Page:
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Bangladesh Hangs Two Opposition Leaders for War Crimes

  • Shaikh Azizur Rahman

An ambulance carrying the body of Salauddin Quader Chowdhury, a leader of the Bangladesh Nationalist Party, leaves the Dhaka Central Jail after his execution, Nov. 22, 2015.

An ambulance carrying the body of Salauddin Quader Chowdhury, a leader of the Bangladesh Nationalist Party, leaves the Dhaka Central Jail after his execution, Nov. 22, 2015.

Bangladesh has executed two opposition party leaders convicted of war crimes committed during Bangladesh’s 1971 war of independence.

Ali Ahsan Mohammad Mujahid, a senior politician from the Jamaat-e-Islami (JeI) party, and Salauddin Quader Chowdhury, a leader of the opposition Bangladesh Nationalist Party (BNP), were hanged in Dhaka Central Jail early Sunday, Bangladesh’s national police chief AKM Shahidul Hoque confirmed.

Bangladesh’s International Crime Tribunal (ICT) convicted the two and sentenced them to death in 2013. Both had filed appeals, which were rejected by the court.

The executions took place hours after family members met with the two men in the prison and Bangladesh’s Home Minister Asaduzzaman Khan Kamal announced that the presidential clemency — their final chance for reprieve — had been turned down.

JeI has called for a nationwide strike and claimed Mujahid was victim of a “farce trial” aimed at “eliminating opposition” forces in the country. Fearing unrest and violence by the supporters of the BNP-led opposition alliance, the government beefed up security across the country hours before the executions took place.

Soon after Mujahid, 67, and Chowdhury, 66, were hanged, their bodies were sent out to their relatives for burial.

ICT prosecutions

Mujahid, the second most senior leader of JeI, received a death sentence for killing top intellectuals during Bangladesh's war of independence from Pakistan in 1971.

Chowdhury, a six-time member of parliament and senior adviser to former Prime Minister Khaleda Zia, was sentenced for his role in a genocide and other killings.

Set up in 2010 by Prime Minister Sheikh Hasina's government, the ICT has prosecuted more than a dozen opposition leaders for war crimes. In all, four people have now been hanged.

Trials by the tribunal have been criticized by many global human and legal rights groups that say the proceedings do not meet international standards.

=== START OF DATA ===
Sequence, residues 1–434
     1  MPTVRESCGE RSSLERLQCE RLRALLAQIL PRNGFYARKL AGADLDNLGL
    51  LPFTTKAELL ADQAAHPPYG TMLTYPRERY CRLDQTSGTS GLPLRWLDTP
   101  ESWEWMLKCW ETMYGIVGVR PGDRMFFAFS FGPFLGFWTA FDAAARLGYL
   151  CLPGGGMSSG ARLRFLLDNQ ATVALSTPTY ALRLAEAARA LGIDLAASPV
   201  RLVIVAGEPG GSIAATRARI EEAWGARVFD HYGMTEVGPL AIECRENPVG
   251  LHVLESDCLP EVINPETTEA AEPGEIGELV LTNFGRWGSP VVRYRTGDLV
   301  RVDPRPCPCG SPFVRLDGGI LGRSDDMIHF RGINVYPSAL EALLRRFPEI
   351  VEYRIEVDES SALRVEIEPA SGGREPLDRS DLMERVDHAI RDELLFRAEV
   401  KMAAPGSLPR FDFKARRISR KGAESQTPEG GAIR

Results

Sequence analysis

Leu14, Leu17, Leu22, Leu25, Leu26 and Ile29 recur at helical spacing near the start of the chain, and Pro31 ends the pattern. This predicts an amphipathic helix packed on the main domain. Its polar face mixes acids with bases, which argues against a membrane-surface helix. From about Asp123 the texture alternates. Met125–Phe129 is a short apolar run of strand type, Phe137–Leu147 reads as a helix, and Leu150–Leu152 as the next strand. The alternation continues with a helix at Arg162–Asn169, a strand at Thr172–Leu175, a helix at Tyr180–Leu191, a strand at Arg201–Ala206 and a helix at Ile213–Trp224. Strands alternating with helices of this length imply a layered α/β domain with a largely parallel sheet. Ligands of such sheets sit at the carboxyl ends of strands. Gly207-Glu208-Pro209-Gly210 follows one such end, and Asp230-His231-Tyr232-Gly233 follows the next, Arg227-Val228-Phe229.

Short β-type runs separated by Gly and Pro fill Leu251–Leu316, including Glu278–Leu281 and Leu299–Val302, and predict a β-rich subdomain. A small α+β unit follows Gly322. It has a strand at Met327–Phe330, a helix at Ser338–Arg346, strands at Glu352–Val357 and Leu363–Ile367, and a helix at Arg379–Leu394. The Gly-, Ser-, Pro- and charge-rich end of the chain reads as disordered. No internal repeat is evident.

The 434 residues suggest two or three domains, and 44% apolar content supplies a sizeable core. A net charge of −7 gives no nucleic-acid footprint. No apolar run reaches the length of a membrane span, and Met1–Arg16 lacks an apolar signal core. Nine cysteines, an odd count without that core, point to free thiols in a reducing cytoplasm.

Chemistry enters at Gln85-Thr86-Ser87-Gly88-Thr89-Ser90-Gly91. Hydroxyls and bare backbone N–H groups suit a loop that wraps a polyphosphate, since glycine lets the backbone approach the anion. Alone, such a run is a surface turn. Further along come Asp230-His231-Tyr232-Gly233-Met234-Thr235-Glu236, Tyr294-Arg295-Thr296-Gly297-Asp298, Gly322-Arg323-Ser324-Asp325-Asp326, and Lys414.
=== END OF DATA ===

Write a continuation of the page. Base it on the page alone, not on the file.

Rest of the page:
As soon as the review petitions of Mujahid and Chowdhury were rejected Wednesday, several international groups made appeals to Bangladesh not to go ahead with the executions.

One of those groups, the International Commission of Jurists, "expresses its solidarity with the victims and survivors of the human rights violations committed during the 1971 war, and believes the perpetrators of these atrocities must be brought to justice,” said Sam Zarifi, the commission's Asia-Pacific regional director. “However, the death penalty, especially following a deeply flawed trial, amounts to nothing more than vengeance and does not serve the interests of justice.”

U.S.-based Human Rights Watch (HRW) said also Bangladesh should not carry out the executions.

“The accused in all these cases were allowed a minuscule fraction of witnesses, counsels were regularly harassed and persecuted, defense witnesses faced physical threats, and witnesses were denied visas to enter the country to testify,” said Brad Adams, Asia director of HRW. “Unfair trials can’t provide real justice, especially when the death penalty is imposed.”

Alex Carlile, a lawyer and member of Britain's House of Lords, told VOA that the executions were "an outrage."

Bangladesh maintains all trials by the tribunal followed proper judicial procedure. Supporters of the ruling Awami League party welcomed the executions, chanting pro-independence slogans in the streets of Dhaka and other cities.

Clemency controversy

Sunday’s executions have been mired in a new controversy involving presidential clemency. Kamal, the home minister, said Mujahid and Chowdhury had filed the petitions to the president through a magistrate Saturday and that they were rejected Sunday.

But supporters and relatives of the two leaders said that no petition for presidential clemency had been filed before they were hanged.

An hour before the execution, in a statement from Dhaka, JeI said Mujahid had not admitted his guilt and had not sought mercy from the president.

Relatives of Chowdhury, too, said that he had not sought presidential clemency. His daughter, Farzeen Quader Chowdhury, told VOA, "My father did not file or sign any mercy petition. He has told us this when we met him."

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